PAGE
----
[Podcast] School safety is the default responsibility of individual schools. Surprisingly, there are no federal laws mandating school safety plans of school-based mental health services. Some, and not all, states require school safety plans. Individual school districts safety plans are inconsistent and with site-based management, most schools apply discretion to make safety policies fit the unique characteristics of the school – from the population served to the design of the building. In other words, schools are pretty much on their own to craft and ensure school safety protocols.
DIRECT LINK to MP3 of this Episode: https://tinyurl.com/SDP103-AUDIO
KEY TERMS FOR ENTITIES RESPONSIBLE FOR SCHOOL SAFETY
“Local entity” includes local, regional or district boards, agencies or offices (such as local boards of education, district boards of trustees or school system committees). “School” includes administrators, principals and other designated officials at the school-level. “School safety entity” includes agencies, departments, task forces, committees, etc., which were created with the intent of addressing school safety matters (Education Commission of The States, 2019). Confusing, right?
FEDERAL GOVERNMENT ROLE IN SCHOOL SAFETY
The federal government doesn’t mandate school safety plans. Beyond some token legislation of gun free zones, the federal government defaults the responsibility for maintaining safe schools to the states. The Feds saturate states and schools with recommendations to the point where the one-size-fits-all templates simply overwhelm the end-users. Centers for Disease Control and Prevention has produced solid research and resources for school connectedness, a framework known to decrease school violence and increase student attendance and academic performance. A school is not obligated to follow the CDC’s school connectedness model.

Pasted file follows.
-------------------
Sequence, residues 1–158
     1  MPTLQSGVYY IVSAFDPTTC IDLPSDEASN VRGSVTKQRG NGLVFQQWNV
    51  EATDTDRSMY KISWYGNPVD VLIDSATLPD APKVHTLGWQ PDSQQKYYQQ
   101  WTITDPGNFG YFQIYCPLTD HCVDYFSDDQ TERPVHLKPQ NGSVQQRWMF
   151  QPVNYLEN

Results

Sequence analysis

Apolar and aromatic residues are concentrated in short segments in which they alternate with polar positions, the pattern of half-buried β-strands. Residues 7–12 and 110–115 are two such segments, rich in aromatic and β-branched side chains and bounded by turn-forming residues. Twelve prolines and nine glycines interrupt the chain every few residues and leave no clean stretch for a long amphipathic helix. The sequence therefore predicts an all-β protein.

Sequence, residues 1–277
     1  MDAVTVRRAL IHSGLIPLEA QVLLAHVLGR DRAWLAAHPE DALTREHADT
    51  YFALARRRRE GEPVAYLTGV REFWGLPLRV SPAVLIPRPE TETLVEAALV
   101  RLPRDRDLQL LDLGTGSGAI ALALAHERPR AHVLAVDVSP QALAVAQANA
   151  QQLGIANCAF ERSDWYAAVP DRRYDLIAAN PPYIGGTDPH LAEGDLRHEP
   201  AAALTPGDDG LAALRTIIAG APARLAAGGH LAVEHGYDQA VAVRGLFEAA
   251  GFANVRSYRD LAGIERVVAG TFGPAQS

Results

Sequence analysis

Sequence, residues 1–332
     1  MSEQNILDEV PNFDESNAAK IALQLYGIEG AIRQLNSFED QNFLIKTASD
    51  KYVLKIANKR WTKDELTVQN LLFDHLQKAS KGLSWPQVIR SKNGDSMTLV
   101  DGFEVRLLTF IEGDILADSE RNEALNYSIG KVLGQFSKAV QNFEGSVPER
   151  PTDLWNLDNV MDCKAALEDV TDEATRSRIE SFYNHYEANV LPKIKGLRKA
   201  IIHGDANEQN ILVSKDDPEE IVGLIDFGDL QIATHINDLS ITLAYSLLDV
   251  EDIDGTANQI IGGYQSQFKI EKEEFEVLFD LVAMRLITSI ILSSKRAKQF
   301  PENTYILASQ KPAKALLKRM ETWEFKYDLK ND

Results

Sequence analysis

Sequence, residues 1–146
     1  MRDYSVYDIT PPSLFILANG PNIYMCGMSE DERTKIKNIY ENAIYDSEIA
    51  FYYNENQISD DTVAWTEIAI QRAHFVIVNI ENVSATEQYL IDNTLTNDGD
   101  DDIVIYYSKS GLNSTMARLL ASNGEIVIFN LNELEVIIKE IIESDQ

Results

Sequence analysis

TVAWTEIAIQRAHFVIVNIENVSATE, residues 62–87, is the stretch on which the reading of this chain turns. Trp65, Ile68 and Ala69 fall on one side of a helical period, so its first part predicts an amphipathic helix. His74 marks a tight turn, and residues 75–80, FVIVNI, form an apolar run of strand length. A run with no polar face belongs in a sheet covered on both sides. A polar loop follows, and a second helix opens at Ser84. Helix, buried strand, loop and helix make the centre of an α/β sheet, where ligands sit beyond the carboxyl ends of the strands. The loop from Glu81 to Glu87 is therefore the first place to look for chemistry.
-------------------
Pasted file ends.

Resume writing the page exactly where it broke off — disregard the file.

STATES ROLE IN SCHOOL SAFETY
Only 43 of 50 states mandate that schools have safety plans. Hawaii, Idaho, Kansas, Michigan, Missouri, North Dakota, Pennsylvania do not (1) require a school safety plan; (2) identify an entity responsible for creating the safety plan; (3) require that law enforcement be involved in creating the plan; (4) frequency with which the plan is required to be reviewed and updated; or (5) have a legal citation referencing school safety. Most states require drills, but then require a submitted checklist once a year to verify compliance. There are no onsite district safety assessments.
DISTRICTS ROLE IN SCHOOL SAFETY
Districts are responsible for adopting school safety policies and practices. Wisconsin, for example, has 421 districts! Templates are available, but school safety plans, drills and exercises have a modicum of inter-school reliability due to the fact that most schools function under site-based management. In other words, principals are responsible for safety training procedures and safety drill design and fidelity in their buildings. Using Wisconsin as an example, that’s more than 2,200 school buildings – not including hundreds of community preschool partner sites.
In July, 2019, the US Department of Education made $65 million dollars available in competitive school safety grants. These grants are divided into 3 categories. Each grant is vaguely described and won’t evoke sustained change. Obtaining one of these grants is like winning the lottery – you can do more until the money is expended. None of these grants is for researching root causes of school violence or the Youth Code of Silence.
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